The worst result, after buying shares in a company (assuming no leverage), would be if you lose all the money you put in. But on a lighter note, a good company can see its share price rise well over 100%. For example, the Facebook, Inc. (NASDAQ:FB) share price has soared 172% in the last half decade. Most would be very happy with that. It's also good to see the share price up 26% over the last quarter. The company reported its financial results recently; you can catch up on the latest numbers by reading our company report.
While markets are a powerful pricing mechanism, share prices reflect investor sentiment, not just underlying business performance. One flawed but reasonable way to assess how sentiment around a company has changed is to compare the earnings per share (EPS) with the share price.
Over half a decade, Facebook managed to grow its earnings per share at 47% a year. This EPS growth is higher than the 22% average annual increase in the share price. Therefore, it seems the market has become relatively pessimistic about the company.
The company's earnings per share (over time) is depicted in the image below (click to see the exact numbers).
We know that Facebook has improved its bottom line lately, but is it going to grow revenue? This free report showing analyst revenue forecasts should help you figure out if the EPS growth can be sustained.
A Different Perspective
Facebook shareholders have received returns of 61% over twelve months, which isn't far from the general market return. Most would be happy with a gain, and it helps that the year's return is actually better than the average return over five years, which was 22%. It is possible that management foresight will bring growth well into the future, even if the share price slows down. It's always interesting to track share price performance over the longer term. But to understand Facebook better, we need to consider many other factors. Case in point: We've spotted 1 warning sign for Facebook you should be aware of.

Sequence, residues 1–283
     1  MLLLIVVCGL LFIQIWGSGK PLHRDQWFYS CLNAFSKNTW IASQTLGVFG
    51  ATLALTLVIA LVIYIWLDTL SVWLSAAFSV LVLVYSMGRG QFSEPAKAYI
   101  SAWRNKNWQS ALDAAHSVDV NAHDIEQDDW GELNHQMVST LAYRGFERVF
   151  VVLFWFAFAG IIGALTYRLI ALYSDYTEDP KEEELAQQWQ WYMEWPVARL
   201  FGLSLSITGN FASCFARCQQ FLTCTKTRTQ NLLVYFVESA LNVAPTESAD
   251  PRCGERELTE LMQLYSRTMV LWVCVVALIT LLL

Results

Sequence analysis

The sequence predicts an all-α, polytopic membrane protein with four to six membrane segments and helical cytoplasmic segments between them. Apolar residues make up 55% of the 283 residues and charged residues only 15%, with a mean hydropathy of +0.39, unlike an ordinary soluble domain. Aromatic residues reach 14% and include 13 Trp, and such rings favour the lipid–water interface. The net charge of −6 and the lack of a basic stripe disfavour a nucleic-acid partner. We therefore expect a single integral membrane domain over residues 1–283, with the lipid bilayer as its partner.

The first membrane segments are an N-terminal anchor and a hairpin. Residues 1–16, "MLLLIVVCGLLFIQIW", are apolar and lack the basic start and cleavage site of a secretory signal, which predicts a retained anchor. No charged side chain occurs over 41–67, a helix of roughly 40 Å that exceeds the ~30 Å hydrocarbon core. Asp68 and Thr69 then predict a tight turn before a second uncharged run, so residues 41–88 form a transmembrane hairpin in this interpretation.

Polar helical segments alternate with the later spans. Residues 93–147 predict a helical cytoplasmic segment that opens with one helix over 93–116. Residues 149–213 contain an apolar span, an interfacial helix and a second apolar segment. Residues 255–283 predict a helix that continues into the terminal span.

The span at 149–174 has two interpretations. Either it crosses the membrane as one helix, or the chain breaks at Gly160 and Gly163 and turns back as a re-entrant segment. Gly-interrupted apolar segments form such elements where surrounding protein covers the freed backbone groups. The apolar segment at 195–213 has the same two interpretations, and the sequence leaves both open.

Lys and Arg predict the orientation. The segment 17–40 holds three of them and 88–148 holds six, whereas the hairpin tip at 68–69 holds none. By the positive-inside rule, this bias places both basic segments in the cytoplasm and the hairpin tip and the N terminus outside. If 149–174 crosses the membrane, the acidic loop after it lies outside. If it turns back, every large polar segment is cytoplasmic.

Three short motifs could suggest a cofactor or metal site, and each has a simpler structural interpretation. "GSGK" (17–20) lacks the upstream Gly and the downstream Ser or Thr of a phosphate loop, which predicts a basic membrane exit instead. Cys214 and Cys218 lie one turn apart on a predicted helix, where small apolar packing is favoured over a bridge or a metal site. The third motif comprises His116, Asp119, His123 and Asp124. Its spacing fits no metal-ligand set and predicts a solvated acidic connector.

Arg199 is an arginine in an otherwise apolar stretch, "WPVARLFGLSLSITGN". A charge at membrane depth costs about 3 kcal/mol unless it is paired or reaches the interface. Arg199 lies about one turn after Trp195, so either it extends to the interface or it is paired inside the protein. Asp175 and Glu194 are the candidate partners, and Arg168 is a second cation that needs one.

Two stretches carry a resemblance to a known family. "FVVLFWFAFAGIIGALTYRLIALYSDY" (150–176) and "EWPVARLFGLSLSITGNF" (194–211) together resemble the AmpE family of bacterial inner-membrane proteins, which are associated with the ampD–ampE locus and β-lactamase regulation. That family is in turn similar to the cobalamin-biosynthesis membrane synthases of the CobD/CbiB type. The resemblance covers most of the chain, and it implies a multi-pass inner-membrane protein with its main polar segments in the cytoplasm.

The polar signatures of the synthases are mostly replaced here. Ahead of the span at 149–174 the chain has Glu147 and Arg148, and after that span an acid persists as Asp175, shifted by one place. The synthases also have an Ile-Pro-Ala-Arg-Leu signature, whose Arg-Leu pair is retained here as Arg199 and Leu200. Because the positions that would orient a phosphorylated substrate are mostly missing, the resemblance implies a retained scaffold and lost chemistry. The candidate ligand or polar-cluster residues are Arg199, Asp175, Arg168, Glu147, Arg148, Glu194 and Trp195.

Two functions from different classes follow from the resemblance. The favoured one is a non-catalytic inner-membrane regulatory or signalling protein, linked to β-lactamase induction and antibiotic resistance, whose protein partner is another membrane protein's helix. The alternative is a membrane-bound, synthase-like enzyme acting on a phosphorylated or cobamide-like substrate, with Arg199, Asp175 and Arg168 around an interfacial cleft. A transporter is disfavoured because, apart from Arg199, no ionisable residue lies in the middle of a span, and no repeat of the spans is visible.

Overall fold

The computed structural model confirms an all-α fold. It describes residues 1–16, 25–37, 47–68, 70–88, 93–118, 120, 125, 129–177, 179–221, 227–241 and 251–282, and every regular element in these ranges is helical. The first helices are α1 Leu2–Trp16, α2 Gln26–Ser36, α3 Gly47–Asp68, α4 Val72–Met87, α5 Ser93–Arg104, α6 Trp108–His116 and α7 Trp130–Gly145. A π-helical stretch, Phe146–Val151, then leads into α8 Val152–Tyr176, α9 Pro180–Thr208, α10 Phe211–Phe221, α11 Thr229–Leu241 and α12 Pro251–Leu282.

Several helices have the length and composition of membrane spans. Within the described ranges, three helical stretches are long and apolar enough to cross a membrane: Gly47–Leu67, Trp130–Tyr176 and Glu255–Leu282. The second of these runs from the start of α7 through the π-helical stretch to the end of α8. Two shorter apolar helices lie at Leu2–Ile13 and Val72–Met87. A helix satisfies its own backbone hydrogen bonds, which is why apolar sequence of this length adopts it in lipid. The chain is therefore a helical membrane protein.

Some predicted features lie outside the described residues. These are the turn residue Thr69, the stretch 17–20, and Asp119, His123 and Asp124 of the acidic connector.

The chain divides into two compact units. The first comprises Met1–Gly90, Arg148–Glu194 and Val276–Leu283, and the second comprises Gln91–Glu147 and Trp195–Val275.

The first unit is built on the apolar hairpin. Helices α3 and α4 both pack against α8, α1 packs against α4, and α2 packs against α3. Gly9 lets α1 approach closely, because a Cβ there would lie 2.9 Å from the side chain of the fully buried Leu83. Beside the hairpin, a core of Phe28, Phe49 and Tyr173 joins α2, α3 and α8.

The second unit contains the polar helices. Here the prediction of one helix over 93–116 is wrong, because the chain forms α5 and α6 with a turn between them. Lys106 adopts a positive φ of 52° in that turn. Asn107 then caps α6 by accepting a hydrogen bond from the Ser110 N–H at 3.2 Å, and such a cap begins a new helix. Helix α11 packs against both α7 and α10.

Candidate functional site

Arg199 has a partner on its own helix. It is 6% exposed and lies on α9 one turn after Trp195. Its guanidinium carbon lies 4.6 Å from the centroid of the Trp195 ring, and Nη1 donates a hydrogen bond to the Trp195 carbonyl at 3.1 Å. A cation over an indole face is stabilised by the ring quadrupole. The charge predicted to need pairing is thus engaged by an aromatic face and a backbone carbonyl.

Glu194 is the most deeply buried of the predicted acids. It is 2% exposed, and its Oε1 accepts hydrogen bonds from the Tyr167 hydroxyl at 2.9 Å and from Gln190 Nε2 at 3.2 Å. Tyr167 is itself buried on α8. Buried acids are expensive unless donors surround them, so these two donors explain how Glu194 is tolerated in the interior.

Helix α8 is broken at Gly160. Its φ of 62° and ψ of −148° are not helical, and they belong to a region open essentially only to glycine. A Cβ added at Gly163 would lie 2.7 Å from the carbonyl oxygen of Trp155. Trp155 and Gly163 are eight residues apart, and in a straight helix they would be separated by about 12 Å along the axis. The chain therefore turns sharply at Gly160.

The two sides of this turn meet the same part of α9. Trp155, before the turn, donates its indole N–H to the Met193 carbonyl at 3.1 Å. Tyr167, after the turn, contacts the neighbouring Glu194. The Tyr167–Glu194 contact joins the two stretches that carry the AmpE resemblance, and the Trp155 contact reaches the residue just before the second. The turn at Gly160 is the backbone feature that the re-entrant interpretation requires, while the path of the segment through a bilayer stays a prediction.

If you like to buy stocks alongside management, then you might just love this free list of companies. (Hint: insiders have been buying them).
Please note, the market returns quoted in this article reflect the market weighted average returns of stocks that currently trade on US exchanges.
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This article by Simply Wall St is general in nature. It does not constitute a recommendation to buy or sell any stock, and does not take account of your objectives, or your financial situation. We aim to bring you long-term focused analysis driven by fundamental data. Note that our analysis may not factor in the latest price-sensitive company announcements or qualitative material. Simply Wall St has no position in any stocks mentioned.
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